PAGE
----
How the NBA says it will give back to Utah during All-Star Weekend in Salt Lake

When the NBA comes to town next week, they’re running multiple social and community initiatives.

Attorneys volunteer at last month's Clean Slate Expungement Summit, working with around 400 residents to take advantage of Utah's new Clean Slate laws. (Photo courtesy Utah Jazz)

NBA All-Star Weekend isn’t all about basketball stars.

Last week, we wrote about 14 events that are happening in Salt Lake City during All-Star Weekend from Feb. 16-19 for fans. But the league and local representatives are working together on more projects and events that try to serve a greater interest in Salt Lake City and Utah. The league says, in all, over $3 million is being spent on charities, money that comes from the NBA and the NBA Players Association.

Here’s a rundown of All-Star related charity events and efforts next week. These ones aren’t open to all fans, but are targeted at supporting different groups, especially kids, around Salt Lake City.

Clean Slate Expungement Summit — Jan. 24

Utah’s Clean Slate Law, passed in 2019, allows people with eligible criminal records to have them expunged. Around 800,000 Utahns have criminal records, but the goal of the legislation is to give many a second chance. On Jan. 24, the city, the National Basketball Social Justice Coalition, Utah Jazz, Clean Slate Utah and Rasa hosted a summit at Vivint Arena where Utahns could meet with a pool of attorneys volunteering their time, about 400 people attended.

LGBTQ youth support — Feb. 15

NBA leaders — including Jason Collins, the first NBA player to come out as gay — will meet with local Utah LGBTQ+ youth and their parents at Encircle and the Utah Pride Center on Wednesday, Feb. 15. Collins, along with former WNBA player Jamila Wideman, among others, will engage with youth about their LGBTQ journeys. Jazz owners Ryan and Ashley Smith will attend the conversation, too.

NBA pitch competition — Feb. 16

Think “Shark Tank” but to NBA-adjacent executives. Eight up-and-coming Black entrepreneurs, including four from Utah, will have the opportunity to pitch their products or businesses to a panel of judges and investors across the NBA community. Jazz majority owner Ryan Smith, minority owner Ryan Sweeney, and American Express chief marketing officer Elizabeth Rutledge are among the judges.

Diverse-owned business to business development event — Feb. 16

The NBA, in collaboration with the Jazz and Living Color Utah, will host a business-to-business development event on Feb. 16. The idea is to engage with and support local diverse-owned businesses on opportunities with each other and the Jazz. The event will feature moderated panels and networking groups.

New and updated rooms at Lincoln Elementary — Feb. 16

State Farm and the NBA has provided funding or remodeled two sections of Lincoln Elementary School in South Salt Lake. First, a STEM education room, will include new tech and library resources for the school. Second, the school’s gymnasium has been remade, with new equipment, lighting, flooring, and basketball hoops. The dedication of the new spaces takes place on Feb. 16.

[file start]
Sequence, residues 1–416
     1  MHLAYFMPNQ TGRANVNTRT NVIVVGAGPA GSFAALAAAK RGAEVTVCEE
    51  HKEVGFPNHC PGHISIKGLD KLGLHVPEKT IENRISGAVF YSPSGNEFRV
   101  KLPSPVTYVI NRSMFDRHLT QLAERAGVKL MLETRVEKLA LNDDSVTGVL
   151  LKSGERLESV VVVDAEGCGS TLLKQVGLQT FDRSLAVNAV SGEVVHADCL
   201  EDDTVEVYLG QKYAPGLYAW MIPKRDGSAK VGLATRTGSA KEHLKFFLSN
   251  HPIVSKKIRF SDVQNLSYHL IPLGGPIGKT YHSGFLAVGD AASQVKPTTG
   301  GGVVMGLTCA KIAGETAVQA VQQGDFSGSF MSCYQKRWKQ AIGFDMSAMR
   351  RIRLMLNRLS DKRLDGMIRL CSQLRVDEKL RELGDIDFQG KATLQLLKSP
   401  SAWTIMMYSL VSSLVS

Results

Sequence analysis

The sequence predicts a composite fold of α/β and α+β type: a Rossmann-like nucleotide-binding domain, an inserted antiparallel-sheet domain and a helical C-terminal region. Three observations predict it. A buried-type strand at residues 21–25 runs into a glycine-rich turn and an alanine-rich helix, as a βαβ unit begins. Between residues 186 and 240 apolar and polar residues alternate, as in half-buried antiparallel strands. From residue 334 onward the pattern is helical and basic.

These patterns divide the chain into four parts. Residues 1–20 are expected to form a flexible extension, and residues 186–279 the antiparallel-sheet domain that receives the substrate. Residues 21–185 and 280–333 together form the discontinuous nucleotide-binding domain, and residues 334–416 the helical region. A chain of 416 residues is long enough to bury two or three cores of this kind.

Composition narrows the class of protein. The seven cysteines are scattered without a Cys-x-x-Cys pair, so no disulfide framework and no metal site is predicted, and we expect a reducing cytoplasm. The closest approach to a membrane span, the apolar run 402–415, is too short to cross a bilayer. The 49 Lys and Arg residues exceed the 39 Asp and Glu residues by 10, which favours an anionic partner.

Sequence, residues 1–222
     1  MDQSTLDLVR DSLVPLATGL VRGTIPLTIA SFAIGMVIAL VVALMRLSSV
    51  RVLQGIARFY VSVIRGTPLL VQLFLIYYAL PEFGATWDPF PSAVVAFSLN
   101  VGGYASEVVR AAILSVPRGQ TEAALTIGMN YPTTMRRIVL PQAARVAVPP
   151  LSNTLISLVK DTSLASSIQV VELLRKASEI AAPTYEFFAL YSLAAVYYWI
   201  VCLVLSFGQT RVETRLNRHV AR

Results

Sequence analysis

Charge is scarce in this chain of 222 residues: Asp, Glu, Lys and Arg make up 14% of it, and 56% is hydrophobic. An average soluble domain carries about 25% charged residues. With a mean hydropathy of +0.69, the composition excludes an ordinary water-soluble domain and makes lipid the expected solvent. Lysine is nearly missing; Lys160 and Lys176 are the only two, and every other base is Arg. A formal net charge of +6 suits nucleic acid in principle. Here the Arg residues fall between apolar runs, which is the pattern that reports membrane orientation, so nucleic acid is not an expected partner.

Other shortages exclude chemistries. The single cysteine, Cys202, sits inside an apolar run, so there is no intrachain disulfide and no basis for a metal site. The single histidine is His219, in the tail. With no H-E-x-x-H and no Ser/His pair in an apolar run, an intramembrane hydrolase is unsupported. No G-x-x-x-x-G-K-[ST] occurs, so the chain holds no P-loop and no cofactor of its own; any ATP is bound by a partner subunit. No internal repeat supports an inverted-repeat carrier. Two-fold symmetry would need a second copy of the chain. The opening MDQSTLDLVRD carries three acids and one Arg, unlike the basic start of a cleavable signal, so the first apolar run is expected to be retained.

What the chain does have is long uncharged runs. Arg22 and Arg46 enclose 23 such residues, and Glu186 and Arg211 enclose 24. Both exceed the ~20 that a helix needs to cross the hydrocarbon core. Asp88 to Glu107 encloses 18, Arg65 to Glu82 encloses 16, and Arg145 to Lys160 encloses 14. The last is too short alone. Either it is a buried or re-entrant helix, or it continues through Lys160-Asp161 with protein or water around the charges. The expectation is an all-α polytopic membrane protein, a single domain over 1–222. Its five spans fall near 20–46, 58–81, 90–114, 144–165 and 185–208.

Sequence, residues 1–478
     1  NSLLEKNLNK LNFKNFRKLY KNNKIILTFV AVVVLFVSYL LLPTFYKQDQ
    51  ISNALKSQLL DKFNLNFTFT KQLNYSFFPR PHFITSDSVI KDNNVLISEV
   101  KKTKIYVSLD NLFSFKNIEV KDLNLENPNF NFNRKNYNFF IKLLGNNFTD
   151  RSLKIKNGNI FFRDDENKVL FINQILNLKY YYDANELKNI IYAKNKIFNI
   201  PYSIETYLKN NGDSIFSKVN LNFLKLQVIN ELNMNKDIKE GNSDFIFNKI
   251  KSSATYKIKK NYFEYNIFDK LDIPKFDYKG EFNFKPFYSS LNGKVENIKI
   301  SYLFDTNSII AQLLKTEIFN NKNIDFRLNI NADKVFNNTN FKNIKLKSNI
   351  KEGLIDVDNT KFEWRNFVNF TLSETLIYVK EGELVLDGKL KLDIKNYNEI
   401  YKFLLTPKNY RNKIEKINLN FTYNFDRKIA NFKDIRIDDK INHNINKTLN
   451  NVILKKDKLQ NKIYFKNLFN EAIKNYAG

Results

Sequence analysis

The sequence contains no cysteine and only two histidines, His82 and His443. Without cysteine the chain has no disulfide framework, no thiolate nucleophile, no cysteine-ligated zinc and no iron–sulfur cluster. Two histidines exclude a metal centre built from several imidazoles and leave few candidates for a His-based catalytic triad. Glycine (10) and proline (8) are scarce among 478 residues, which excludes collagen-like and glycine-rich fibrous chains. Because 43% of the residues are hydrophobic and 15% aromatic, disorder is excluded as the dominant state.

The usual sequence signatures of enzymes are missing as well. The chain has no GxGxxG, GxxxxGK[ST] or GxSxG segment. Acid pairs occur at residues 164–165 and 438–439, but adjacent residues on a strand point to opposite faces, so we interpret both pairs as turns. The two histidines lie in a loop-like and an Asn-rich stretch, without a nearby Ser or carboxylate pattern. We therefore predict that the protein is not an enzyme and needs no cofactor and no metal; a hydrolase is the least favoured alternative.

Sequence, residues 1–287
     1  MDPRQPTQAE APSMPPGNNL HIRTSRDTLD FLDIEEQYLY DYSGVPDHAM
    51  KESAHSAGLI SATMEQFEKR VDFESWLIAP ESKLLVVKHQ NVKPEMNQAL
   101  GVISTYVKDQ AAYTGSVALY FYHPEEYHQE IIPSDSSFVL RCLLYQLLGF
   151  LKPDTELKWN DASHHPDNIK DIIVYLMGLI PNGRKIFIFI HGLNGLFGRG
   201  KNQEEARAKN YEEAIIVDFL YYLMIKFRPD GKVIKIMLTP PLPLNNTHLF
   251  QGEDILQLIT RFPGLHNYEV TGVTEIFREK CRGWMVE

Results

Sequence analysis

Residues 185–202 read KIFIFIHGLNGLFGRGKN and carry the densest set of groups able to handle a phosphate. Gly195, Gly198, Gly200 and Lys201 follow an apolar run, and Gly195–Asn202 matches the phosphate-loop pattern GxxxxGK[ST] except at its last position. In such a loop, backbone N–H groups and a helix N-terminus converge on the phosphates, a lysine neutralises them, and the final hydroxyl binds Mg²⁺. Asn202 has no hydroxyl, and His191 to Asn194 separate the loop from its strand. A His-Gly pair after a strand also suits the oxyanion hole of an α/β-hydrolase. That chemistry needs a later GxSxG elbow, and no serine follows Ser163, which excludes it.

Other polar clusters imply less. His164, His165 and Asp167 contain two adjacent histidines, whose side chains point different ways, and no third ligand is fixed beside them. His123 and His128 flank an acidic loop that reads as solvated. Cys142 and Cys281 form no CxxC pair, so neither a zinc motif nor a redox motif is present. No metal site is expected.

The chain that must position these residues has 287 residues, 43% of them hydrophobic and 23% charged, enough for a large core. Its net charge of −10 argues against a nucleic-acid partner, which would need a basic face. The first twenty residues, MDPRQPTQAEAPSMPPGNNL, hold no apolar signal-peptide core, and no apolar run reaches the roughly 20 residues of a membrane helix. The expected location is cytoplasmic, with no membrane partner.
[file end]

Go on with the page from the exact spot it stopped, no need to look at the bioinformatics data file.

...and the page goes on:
NBA All-Star day of service — Feb. 18

Every year, NBA employees gather at the site of NBA All-Star Weekend on the days before the game to take part in a community service project, and Salt Lake City is no exception. This year, over 500 employees “including current players, legends, guests, community partners” will work with the Utah Food Bank, Bishop’s Central Storehouse, and Volunteers of America Utah to package and distribute food donations.

Multiple Jr. NBA events — Feb. 18-19

The Jazz and the NBA will host several events geared toward youth basketball participation throughout the weekend. This includes hosting a clinic for girls to play alongside WNBA players for a day, called Her Time to Play. Additionally, 200 special olympic athletes will be put through a skills clinic hosted by the Jazz. A 5v5 tournament and Jr. NBA Skills Challenge on Saturday will include participants from around the country. For wheelchair-bound children, the NBA will put on a basketball clinic with the Wheelin’ Jazz.

They’ll host a “Respect The Game” referee event, telling youth about officiating career paths; a clinic for young referees will also be held with support from NBA refs. Outside of basketball, the weekend will also have a STEM clinic, to teach students about the intersections between sports and science.

All-Star Game donations — Feb. 19

During the All-Star Game itself, $750,000 will be split between two charities’ Utah chapters. Team Giannis’ charity will be Raise the Future and Team LeBron’s charity will be Big Brothers Big Sisters of Utah. Raise the Future seeks to “reduce the amount of time youth in foster care live without a permanent family;” Big Brothers Big Sisters “creates and supports one-to-one mentoring relationships” with youth in Utah. Kids and families from both organizations will be part of All-Star Game practice, the pregame draft, and will get tickets to the game itself.

Sustainability efforts

The NBA, in partnership with Clever Carbon, will be handing out quizzes to test people on their own carbon footprint. In a city with well-documented air quality issues, the goal is to make people generally more aware of their own contribution. Throughout the weekend, the league will donate to initiatives to help educate students on environmental issues.

Mental health grants

The NBA Players Association will donate to local Utah organizations that deal with mental health — ones that “support reducing mental health stigma” and “increase access to mental health services.” No word yet on which specific donations will be made.